Niphon of Mount Athos

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Our Venerable and God-bearing Father Niphon Kavsokalybites, also Niphon of Mount Athos ((Greek) Ὅσιος Νήφων ὁ Καυσοκαλυβίτης, 1315–1411) was a monk of Mount Athos in Greece and a proponent of hesychastic theology. His feast day is celebrated by the Orthodox Church on June 14.[1]

Contents

Life

A Byzantine Greek, Niphon was born in the village of Lukovë, in the Himarra region of the Despotate of Epirus in 1315 AD. His father was a revered priest. From an early age he studied the Holy Scriptures and the Lives of the Saints, and became an erudite polymath.[1]

Because he thirsted to learn about the monastic life, he went to the monastery of Geromerion (near the town of Filiates) where he entered into obedience under an ascetic Elder from Sinai. There he learned the canons of becoming a Hesychast, and the way of noetic prayer.[1]

Soon after he moved to the nearby monastery of Mesopotamos (in modern Mesopotamos, Delvinë District district) where he was tonsured a monk, and was ordained to the priesthood at the age of twenty.[1][2]

After the repose of his Elder, Niphon went to the monastic state of Mount Athos sometime after 1335,[3] where he dedicated himself to greater asceticism, under the guidance of the monastic Elders, Neilos Erichiotes, Theognostos and Maximos Kavsokalybites ("the Hut-burner," January 13),[1][4] settling in the cave of the venerable saint Peter the Athonite, close to the Great Lavra (Athos).[1] Niphon was the author of the first biography of Maximos Kavsokalybites, his spiritual advisor.[5]

In 1345, Niphon was the protos[note 1] of Mount Athos. At that time Athos came under the protection of the Serbian Tsar Stefan Dusan, who accused him for heresy and Bogomilism, but he was successfully defended by Gregory Palamas.[6]

In 1347-8 Niphon was tried and deposed from his position as protos after being accused by fellow monks of heresy.[7] He was succeeded by the Serbian monk Antonios. His deposition is regarded as either part of the struggles between rival religious factions that predated the Serbian control of the Athonite community or attempts of Stefan Dusan to gain control of Athos by appointing a Serbian official as its head.[6][7] This intervention resulted in serious contradictions between the Greek dignitaries and the Serbs of Chilandari monastery on Athos.[8]

During 1355-63 he was again accused of heresy when his servant Bardarius revealed before dying that he had joined the Euchite movement, but he was defended by Patriarch Callistus I of Constantinople. It is considered unclear from contemporary accounts whether Niphon was a Euchite or Hesychast at that time.[9]

Niphon lived the rest of his life as a Hesychast, dying peacefully at the age of 96 in 1411 AD, glorified by gifts of wonderworking and clairvoyance.[1][10]

A service to St. Niphon exists in the hermitage of Kavsokalybion, where the cave of his asceticism can be located, as well as a small chapel in his honour.[11]

Hymn

Niphon, the God-bearer, is declared one of the Saints of Athos,
who lived the life of winged creatures in the confines of the Lavra,
and received from God the gift of prophecy.[note 2]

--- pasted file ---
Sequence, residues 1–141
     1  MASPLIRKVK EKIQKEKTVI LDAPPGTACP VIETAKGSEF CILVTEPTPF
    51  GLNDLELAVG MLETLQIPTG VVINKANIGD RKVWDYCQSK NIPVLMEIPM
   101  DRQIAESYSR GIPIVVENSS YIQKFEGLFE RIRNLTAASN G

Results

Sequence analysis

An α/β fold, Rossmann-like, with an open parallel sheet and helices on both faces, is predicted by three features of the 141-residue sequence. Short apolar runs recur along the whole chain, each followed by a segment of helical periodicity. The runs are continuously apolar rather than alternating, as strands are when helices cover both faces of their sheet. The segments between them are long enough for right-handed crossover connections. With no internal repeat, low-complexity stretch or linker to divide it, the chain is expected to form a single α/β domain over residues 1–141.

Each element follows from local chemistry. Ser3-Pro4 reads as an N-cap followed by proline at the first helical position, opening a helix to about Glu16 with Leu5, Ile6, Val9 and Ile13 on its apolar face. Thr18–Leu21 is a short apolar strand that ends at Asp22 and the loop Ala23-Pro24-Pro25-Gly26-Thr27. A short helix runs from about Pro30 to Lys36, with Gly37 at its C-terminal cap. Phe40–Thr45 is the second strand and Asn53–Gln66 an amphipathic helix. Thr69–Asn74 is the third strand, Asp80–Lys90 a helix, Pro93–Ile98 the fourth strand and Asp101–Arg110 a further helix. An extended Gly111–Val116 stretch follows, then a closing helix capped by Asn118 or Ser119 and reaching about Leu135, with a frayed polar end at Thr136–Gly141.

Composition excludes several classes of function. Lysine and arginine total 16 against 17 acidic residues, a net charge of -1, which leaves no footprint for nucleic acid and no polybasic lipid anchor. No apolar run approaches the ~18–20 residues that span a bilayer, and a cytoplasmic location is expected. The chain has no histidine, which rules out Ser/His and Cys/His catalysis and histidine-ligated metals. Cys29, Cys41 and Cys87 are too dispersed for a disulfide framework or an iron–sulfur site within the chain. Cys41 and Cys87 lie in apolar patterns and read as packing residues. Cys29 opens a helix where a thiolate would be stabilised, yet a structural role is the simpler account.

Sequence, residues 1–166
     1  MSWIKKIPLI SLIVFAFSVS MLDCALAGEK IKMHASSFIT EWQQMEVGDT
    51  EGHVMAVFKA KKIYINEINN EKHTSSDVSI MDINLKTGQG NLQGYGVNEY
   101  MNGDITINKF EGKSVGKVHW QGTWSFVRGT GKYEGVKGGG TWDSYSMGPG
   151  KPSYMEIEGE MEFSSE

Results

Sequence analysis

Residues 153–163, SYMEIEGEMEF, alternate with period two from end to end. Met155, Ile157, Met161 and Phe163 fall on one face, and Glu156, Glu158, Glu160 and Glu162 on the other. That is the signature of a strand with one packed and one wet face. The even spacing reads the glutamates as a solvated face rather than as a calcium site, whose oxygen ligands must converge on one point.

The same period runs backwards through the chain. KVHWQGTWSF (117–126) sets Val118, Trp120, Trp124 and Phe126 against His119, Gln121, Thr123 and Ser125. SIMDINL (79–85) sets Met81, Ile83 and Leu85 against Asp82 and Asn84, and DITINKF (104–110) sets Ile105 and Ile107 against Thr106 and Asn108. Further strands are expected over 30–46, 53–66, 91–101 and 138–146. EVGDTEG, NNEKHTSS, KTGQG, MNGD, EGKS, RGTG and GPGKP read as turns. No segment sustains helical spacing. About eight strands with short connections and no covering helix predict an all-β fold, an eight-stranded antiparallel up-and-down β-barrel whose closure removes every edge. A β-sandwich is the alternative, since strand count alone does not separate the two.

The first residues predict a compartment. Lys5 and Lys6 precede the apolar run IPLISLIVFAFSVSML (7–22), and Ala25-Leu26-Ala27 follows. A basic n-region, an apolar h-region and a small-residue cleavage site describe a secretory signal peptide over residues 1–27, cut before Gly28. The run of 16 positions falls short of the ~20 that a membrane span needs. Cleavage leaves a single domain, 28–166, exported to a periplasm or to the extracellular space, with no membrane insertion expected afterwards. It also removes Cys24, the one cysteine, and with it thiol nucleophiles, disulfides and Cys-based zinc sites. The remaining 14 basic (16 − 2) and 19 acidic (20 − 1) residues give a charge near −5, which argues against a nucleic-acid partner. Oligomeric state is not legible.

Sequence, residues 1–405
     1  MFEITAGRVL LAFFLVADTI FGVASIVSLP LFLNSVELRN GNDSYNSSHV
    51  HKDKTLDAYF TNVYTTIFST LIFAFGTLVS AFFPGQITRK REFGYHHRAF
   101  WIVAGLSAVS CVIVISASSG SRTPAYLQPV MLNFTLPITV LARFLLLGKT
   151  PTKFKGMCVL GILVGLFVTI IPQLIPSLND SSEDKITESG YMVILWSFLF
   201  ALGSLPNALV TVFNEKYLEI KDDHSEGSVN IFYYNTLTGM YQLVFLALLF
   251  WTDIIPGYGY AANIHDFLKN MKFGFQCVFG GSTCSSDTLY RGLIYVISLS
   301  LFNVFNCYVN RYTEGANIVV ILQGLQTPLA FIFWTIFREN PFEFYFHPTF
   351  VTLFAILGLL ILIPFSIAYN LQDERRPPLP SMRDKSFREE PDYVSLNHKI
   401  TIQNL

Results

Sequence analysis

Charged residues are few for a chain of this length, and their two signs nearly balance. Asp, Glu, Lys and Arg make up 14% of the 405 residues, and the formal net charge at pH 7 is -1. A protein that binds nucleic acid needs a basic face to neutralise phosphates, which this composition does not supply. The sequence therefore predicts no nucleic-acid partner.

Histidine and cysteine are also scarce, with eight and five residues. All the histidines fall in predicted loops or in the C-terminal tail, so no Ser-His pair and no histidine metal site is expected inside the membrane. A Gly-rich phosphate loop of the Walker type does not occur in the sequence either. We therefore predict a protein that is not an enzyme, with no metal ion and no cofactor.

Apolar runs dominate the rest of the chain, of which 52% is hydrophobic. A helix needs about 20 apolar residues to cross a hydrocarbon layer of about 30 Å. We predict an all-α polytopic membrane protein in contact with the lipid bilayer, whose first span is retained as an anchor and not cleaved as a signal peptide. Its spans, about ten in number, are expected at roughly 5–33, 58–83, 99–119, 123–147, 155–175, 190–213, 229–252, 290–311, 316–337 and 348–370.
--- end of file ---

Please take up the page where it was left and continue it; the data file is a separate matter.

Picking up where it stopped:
Further reading

Notes

  1. The protos (Greek: πρώτος, "first, premier") is a monastic office at the Eastern Orthodox monastic state of Mount Athos in Greece. The office is assumed by a monk who is elected among the members of the Iera Epistasia ("Holy Administration") which functions as the executive committee of the Iera Koinotita ("Holy Community") — the governing body of Athos composed of representatives from each of the Athonite monasteries — to be the head of the Athonite monastic community. He wields certain ecclesiastical powers, takes part in patriarchal synods, and has the right to confirm and dismiss abbots, with the approval of the Patriarch of Constantinople, under whose jurisdiction Mount Athos functions as an autonomous monastic republic. In the past, the protos seems to have been given authority to ordain (cheirotonia) priests, but currently ordinations on Mount Athos are performed by the Archbishop of Thessaloniki.
  2. From Ode 7, of the Canon for All Saints of Athos.

References

  1. 1.0 1.1 1.2 1.3 1.4 1.5 1.6 Great Synaxaristes: (Greek) Ὁ Ὅσιος Νήφων ὁ Καυσοκαλυβίτης. 14 Ιουνίου. ΜΕΓΑΣ ΣΥΝΑΞΑΡΙΣΤΗΣ.
  2. Nicol, Donald M. The Despotate of Epiros, 1267-1479 : A Contribution to the History of Greece in the Middle Ages. Cambridge: Cambridge University Press, 2010. pp.65. ISBN 978-0-521-13089-9
  3. Laiou-Thomadakis. Charanis Studies: Essays in Honor of Peter Charanis. Ed. Angeliki E. Laiou. New Brunswick, N.J.: Rutgers University Press, 1980. pp.98. ISBN 978-0-8135-0875-7
  4. (Greek) Μωυσή Μοναχού Αγιορείτου. Η ησυχαστική παράδοση στο Άγιον Όρος από τον Άγιο Γρηγόριο Παλαμά έως σήμερα. 23-4-2008.
  5. Kallistos of Diokleia. "St Maximos of Kapsokalyvia and Fourteenth-Century Athonite Hesychasm". In: Kathegetria. Essays Presented to Joan Hussey for her 80th Birthday. Surrey, 1988. p.410. ISBN 978-1-871328-00-4.
  6. 6.0 6.1 Janet Hamilton, Bernard Hamilton, Yuri Stoyanov (Transl.). Christian Dualist Heresies in the Byzantine World, C. 650-c. 1450: Selected Sources. Manchester Medieval Sources Series. Manchester University Press ND, 1998. pp.53. ISBN 978-0-7190-4765-7.
  7. 7.0 7.1 Korac, Dusan. Mount Athos under the rule of Stephen Dusan. Serbian Studies. North American Society for Serbian Studies, 1993. p.81.
  8. Pavlikianov, Cyril. "The Athonite Period in the Life of Saint Romylos of Vidin". Byzantina Symmeikta. Retrieved: 29 December 2011. (.pdf)
  9. Obolensky, Dimitri. The Bogomils: A Study in Balkan Neo-Manichaeism. Cambridge University Press, 2004. p.256. ISBN 978-0-521-60763-6.
  10. OCA - Feasts and Saints. Venerable Niphon of Mt Athos.
  11. (Greek) ΑΓΙΟΡΕΙΤΙΚΕΣ ΜΝΗΜΕΣ. 1417 - Όσιος Νήφων ο Καυσοκαλυβίτης (†1411).
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